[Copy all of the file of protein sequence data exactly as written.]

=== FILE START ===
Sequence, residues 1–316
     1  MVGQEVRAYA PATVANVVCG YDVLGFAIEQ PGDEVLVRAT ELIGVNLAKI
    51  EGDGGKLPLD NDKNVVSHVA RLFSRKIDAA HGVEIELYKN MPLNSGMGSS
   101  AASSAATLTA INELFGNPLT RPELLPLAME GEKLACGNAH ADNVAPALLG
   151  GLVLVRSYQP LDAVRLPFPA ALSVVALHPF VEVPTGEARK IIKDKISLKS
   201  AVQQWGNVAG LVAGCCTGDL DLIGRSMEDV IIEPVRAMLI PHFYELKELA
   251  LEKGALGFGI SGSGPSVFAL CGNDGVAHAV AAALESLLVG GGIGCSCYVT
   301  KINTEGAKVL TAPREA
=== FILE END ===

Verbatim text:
Sequence, residues 1–316
     1  MVGQEVRAYA PATVANVVCG YDVLGFAIEQ PGDEVLVRAT ELIGVNLAKI
    51  EGDGGKLPLD NDKNVVSHVA RLFSRKIDAA HGVEIELYKN MPLNSGMGSS
   101  AASSAATLTA INELFGNPLT RPELLPLAME GEKLACGNAH ADNVAPALLG
   151  GLVLVRSYQP LDAVRLPFPA ALSVVALHPF VEVPTGEARK IIKDKISLKS
   201  AVQQWGNVAG LVAGCCTGDL DLIGRSMEDV IIEPVRAMLI PHFYELKELA
   251  LEKGALGFGI SGSGPSVFAL CGNDGVAHAV AAALESLLVG GGIGCSCYVT
   301  KINTEGAKVL TAPREA